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Once I get my hands on the GoPro again, I'm going to cut the front part of the clear canopy and mount the camera as far forward as I can.

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The Nova OSD reset button.

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I weighed the bag of 5.56mm lead- 250g! This bag is stuffed ALL the way forward, ahead of the forward most nose bulkhead.

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From what I read online, getting the adjustable motor mount was a must if you wanted to run an 11 or 12 inch prop. Attached is a Masterscrew (clone from HK?) 11x5.5

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NOVA IR sensor towards the rear, and the GPS module between the blue tape.


Rotor Riot!
Awesome plane... Would you happen to know how it's built up? I would guess the FG halves are made first, then it's put over the plywood skeleton somehow...


Uber N00b
I believe you're right colorex. In fact the reason for the blue tape around the GPS module is when I cut the hole, the seam down the middle of the plane started to come apart. (You cant see the seam anywhere on the plane, but when I cut the hole it became obvious that it was two FG halves) I put some CA on the split, and then covered it up with the tape. If you look closely at some of the interior pics, you can see generous amounts of yellowed glue applied to where the wood frame attaches to the FG body.

Nelson S

Junior Member
I am flying a Bixler 2 for FPV but footage with this plane is almost always bumpy. The advantage with this one is It is easy to hand launch and with flaperons+flaps it can land almost everywhere. Let me know how you do with the fiber one carrying FPV stuff.


Uber N00b
How weird is this. So the day Nelson S. posted (Wednesday) the inevitable happened. Dumb programming mistake on my part while trying to dial in a flap/elevator mix. Hit the flaps, WAY too much up elevator was mixed in, lovely FPV168 went straight up, nosed over, and ended up in a death spiral straight down into the unforgiving earth. :( I think there was about 2 seconds where I could have saved it, but in that crucial moment I thought looking at the screen would help me recover. By the time I looked down at the screen, it was in a vertical spin straight down. Ohhhh the sound it made.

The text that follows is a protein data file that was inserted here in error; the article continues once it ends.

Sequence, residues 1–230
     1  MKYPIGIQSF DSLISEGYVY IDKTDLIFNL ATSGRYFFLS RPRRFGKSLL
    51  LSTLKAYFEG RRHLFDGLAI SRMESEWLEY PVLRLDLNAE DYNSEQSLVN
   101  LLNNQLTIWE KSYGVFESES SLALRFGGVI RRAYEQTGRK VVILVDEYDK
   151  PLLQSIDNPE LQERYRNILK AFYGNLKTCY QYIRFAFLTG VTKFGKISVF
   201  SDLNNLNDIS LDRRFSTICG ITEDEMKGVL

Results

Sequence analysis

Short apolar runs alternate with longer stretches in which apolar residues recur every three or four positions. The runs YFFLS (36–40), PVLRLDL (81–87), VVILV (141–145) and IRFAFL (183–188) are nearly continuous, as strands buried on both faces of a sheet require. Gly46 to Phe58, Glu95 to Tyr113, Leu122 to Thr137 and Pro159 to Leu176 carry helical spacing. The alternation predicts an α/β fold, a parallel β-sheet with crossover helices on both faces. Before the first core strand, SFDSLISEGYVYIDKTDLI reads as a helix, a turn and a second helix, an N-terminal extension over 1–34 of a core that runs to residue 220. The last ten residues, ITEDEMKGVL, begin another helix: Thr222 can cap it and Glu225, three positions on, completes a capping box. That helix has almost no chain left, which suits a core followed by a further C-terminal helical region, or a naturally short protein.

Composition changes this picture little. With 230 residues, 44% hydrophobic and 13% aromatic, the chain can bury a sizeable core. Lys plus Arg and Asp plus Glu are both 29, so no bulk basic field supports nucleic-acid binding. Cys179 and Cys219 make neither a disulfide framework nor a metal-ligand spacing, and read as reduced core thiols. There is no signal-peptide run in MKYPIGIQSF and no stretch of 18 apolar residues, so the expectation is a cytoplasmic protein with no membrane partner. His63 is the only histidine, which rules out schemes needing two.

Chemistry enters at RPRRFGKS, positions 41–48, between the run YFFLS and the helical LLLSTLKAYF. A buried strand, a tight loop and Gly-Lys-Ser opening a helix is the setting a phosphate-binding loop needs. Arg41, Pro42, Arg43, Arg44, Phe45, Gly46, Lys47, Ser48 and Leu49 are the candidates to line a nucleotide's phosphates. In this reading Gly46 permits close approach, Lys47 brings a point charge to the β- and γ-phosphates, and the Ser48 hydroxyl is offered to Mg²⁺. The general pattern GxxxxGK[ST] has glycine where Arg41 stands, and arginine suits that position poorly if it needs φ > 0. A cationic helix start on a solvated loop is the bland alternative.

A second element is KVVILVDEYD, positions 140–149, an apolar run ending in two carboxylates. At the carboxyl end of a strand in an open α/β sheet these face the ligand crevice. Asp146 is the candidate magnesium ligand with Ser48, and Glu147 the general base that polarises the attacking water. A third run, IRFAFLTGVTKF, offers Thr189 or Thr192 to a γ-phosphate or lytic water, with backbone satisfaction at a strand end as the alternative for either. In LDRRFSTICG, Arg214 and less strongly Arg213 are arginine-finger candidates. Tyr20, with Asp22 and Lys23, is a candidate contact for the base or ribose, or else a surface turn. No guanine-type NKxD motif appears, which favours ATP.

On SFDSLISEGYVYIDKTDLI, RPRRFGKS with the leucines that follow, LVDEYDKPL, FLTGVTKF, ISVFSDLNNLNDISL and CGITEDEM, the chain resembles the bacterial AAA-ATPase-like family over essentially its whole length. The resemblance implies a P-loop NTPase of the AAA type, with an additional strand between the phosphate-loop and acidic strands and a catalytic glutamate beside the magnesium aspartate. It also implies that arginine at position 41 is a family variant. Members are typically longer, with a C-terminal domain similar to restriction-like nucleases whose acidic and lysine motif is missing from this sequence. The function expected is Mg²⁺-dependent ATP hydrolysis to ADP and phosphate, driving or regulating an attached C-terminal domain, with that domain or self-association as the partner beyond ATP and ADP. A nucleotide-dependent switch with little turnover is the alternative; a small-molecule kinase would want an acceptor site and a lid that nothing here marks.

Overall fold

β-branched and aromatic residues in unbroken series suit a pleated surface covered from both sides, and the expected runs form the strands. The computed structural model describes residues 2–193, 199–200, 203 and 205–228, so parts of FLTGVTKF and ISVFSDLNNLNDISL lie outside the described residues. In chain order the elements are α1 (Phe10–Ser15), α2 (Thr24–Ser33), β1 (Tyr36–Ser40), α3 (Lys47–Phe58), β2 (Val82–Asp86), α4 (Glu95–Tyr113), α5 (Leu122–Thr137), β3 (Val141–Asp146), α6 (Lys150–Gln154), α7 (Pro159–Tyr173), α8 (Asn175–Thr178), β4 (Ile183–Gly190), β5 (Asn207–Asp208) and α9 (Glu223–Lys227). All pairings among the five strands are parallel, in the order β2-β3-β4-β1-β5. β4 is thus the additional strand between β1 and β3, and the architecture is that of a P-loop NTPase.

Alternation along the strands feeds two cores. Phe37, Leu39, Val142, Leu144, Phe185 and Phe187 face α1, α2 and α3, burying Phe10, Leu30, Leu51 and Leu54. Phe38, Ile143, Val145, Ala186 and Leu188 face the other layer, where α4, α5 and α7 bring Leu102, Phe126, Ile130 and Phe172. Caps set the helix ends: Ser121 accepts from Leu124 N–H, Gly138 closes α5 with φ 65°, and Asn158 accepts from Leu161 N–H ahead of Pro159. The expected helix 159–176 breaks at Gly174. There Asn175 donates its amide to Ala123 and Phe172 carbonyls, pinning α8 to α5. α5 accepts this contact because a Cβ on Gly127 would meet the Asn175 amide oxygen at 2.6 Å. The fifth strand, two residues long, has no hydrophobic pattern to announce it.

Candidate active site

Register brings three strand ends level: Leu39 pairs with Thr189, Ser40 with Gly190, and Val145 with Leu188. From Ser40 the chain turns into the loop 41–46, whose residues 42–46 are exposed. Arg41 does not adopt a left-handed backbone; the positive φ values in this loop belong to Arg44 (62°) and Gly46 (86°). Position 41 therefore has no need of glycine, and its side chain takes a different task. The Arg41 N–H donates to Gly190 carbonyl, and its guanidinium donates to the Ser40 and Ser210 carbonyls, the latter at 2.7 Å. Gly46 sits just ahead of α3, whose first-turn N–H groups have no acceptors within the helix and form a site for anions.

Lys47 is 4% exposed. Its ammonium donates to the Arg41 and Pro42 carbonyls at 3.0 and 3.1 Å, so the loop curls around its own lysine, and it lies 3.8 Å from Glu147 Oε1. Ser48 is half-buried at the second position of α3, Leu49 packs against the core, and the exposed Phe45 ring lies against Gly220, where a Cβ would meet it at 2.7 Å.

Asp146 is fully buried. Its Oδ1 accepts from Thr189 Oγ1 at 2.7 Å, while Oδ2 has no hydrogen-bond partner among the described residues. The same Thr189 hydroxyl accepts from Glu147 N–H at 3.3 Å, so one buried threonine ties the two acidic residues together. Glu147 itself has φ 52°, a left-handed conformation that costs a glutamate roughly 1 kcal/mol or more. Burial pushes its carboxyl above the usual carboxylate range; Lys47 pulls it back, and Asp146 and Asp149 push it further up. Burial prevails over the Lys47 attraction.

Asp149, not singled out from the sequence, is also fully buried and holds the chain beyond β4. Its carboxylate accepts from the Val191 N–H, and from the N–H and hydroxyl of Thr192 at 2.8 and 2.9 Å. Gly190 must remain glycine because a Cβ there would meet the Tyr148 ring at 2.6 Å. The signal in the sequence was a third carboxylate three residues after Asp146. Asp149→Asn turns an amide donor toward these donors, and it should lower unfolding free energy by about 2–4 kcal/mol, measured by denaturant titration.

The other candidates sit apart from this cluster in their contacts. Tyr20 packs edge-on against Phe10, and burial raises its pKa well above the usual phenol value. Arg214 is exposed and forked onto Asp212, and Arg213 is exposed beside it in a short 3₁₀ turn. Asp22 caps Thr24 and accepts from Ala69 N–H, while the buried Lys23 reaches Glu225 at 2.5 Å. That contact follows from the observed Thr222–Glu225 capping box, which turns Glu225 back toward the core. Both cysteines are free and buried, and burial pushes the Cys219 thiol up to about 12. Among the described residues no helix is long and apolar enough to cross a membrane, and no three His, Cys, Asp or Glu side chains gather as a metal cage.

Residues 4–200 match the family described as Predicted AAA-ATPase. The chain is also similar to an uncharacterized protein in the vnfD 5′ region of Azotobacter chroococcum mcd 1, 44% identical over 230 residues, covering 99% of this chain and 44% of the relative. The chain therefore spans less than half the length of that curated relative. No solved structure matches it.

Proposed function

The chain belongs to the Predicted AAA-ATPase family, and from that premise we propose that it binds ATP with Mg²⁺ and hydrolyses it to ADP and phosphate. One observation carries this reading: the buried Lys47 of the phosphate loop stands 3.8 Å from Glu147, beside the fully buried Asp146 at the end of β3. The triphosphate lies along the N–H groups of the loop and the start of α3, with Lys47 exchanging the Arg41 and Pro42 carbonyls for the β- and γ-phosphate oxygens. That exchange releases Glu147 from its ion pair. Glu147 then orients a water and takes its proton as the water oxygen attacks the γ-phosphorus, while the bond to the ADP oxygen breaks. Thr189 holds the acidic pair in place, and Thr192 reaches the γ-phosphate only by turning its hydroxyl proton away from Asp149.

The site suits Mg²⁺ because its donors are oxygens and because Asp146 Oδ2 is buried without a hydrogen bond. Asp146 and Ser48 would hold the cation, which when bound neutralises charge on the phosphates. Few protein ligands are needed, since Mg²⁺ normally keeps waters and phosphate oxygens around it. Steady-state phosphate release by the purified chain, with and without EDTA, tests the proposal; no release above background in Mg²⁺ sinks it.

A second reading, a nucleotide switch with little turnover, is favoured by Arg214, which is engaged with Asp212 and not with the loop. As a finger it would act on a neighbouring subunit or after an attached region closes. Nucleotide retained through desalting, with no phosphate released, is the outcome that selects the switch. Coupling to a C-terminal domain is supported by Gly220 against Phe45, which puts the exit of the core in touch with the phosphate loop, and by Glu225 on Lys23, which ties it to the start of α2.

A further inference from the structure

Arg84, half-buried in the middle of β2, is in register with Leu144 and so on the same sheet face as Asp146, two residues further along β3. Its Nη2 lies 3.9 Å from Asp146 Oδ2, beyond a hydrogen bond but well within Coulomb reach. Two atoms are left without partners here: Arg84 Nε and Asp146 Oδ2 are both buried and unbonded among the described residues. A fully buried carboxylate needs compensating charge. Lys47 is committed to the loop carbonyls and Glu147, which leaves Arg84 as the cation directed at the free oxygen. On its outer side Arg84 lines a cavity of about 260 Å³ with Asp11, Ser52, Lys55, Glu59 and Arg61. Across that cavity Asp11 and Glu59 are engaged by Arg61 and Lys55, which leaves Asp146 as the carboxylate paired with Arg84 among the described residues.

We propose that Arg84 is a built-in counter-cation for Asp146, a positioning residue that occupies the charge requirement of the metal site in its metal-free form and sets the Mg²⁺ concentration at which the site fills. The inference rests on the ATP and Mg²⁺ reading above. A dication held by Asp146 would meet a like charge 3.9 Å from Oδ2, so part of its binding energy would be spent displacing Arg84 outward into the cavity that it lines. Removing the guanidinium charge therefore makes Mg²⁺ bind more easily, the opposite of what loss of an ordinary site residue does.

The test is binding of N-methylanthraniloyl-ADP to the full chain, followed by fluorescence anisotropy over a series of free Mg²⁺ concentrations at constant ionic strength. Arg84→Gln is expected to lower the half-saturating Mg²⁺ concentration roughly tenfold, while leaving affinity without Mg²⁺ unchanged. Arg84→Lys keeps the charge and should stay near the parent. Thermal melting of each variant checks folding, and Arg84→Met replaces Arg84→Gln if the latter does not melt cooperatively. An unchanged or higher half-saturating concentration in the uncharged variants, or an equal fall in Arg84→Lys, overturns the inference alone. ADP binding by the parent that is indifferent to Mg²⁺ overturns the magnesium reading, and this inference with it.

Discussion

The nose took the brunt of the force and folded up like an accordion. I broke one wing section off, and there is some strange stress cracks on the tail. Bottom line is the fuse is a total loss. I may try and repair the wing and stick it on something else. It was pretty disappointing to say the least. However, I learned A LOT, and got probably 70, non-crashing flights out of the plane.


1) DO NOT try to do a mix while the plane is on the runway. VISUALLY CONFIRM what the control surfaces are doing so you can spot any obvious mix problems.

2) It will be a looong time before I buy a fiberglass and/or balsa plane again.

3) Do what most guys do at the field and blame your radio or claim a brown out. ;) It's much less embarrassing.

Good news- All of the electronics survived! I have already transferred everything back into my original Experimental Airlines box fuse twin boom FPV plane. Man, its weird to say, but the twin boom is much more docile than the 168.

I'll post pics of the aftermath, as well as the FPV crash footage. I only watched it once- kinda gives me that sick feeling to watch it again, but hell, it makes for good internet video. I also pulled out my phones video camera as I was heading out to see the crater. In the back of my mind I thought, hey, what if the damage isnt so bad? That would make a great video! Then I saw how bad it was, and lets just say I would need to bleep out most of my verbal reaction.

Ah well, it was a fun experiment, but I think foam planes will be in my future for a while longer. I have plenty of hot glue and packing tape. :D
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That sucks! One of the things with glassfiber planes that when you crash it chances are big that they get wrecked :(